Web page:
How does a Transilluminator for Gels work?

Molecular biology is constantly evolving, and along with it, the technological tools that allow scientists to advance in this area of study. One of them is the gel transilluminator, a crucial machine in laboratories around the world.

The transilluminator is one of the most valuable devices in a molecular biology laboratory. This often underestimated device plays a crucial role in the visualization and documentation of agarose and polyacrylamide gels. But what exactly is a transilluminator and how does it work?

The Mechanics of the Transilluminator

The transilluminator for gels basically works by emitting ultraviolet (UV) or blue light. DNA or protein samples, which are normally invisible to the naked eye, are stained with a fluorescent dye that absorbs the light emitted by the transilluminator. When light passes through the samples, it causes the fluorescent dyes to emit light at a different wavelength, which makes the DNA or protein bands visible.

UV light has been commonly used because of its effectiveness. However, it has its disadvantage: it can damage DNA samples. On the other hand, blue light is considered a safer alternative that not only protects the samples, but is also less harmful to human eyes.

Essential Components and Operation of the Transilluminator

A transilluminator essentially consists of a light source and a filter. The light source is the one that emits the ultraviolet or blue light. The filter, on the other hand, is designed to allow only a specific wavelength of light to pass through it. This system allows effective illumination of the samples without considerable interference from other wavelengths.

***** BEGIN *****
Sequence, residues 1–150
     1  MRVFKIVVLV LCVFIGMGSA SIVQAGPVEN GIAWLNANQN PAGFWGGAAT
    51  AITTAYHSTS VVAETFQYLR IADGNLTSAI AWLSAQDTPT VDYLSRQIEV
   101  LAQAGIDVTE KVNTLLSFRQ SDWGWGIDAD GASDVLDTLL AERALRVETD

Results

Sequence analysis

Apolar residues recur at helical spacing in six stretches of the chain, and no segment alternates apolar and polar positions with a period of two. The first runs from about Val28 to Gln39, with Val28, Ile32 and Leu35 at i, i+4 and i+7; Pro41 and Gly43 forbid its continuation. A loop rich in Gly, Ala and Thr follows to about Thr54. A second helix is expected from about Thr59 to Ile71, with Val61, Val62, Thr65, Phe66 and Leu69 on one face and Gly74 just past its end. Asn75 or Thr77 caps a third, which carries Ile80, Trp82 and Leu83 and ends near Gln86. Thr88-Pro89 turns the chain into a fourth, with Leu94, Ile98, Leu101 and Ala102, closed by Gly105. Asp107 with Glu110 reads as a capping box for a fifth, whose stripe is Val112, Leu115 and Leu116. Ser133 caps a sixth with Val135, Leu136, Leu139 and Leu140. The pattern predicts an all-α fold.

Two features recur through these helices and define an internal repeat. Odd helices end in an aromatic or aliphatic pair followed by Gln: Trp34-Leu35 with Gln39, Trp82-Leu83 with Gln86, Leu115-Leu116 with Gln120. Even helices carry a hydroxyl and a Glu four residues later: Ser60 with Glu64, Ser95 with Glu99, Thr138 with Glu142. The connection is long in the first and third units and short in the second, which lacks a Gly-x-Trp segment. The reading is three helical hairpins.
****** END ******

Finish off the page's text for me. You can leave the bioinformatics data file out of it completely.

When the gel is placed on the transilluminator, the light emitted by the light source passes through the filter and the gel. If the gel has been treated with a fluorescent dye, it absorbs the light and then emits it at a different wavelength. This emitted light is what we see as the bright bands of DNA or proteins in the gel.

What we have at Kalstein for youย 

In short, the transilluminator plays a central role in molecular biology laboratories by enabling the visualization of samples that would otherwise be invisible. Its operation is based on the use of ultraviolet or blue light and fluorescent dyes to illuminate DNA or protein bands in gels. Although its function may seem simple, the transilluminator is a basic building block in the achievements and advances of molecular biology.

As a manufacturer of laboratory equipment, Kalstein is pleased to offer high-end products, with updated design and advanced technology; know our transilluminators HERE, you will find the YR models that are available for purchase, we also have a new 3D platform that has unlimited versatilities, present in over thirty countries worldwide, publish with us without language restrictions, with shipping plans, be seen, you are more.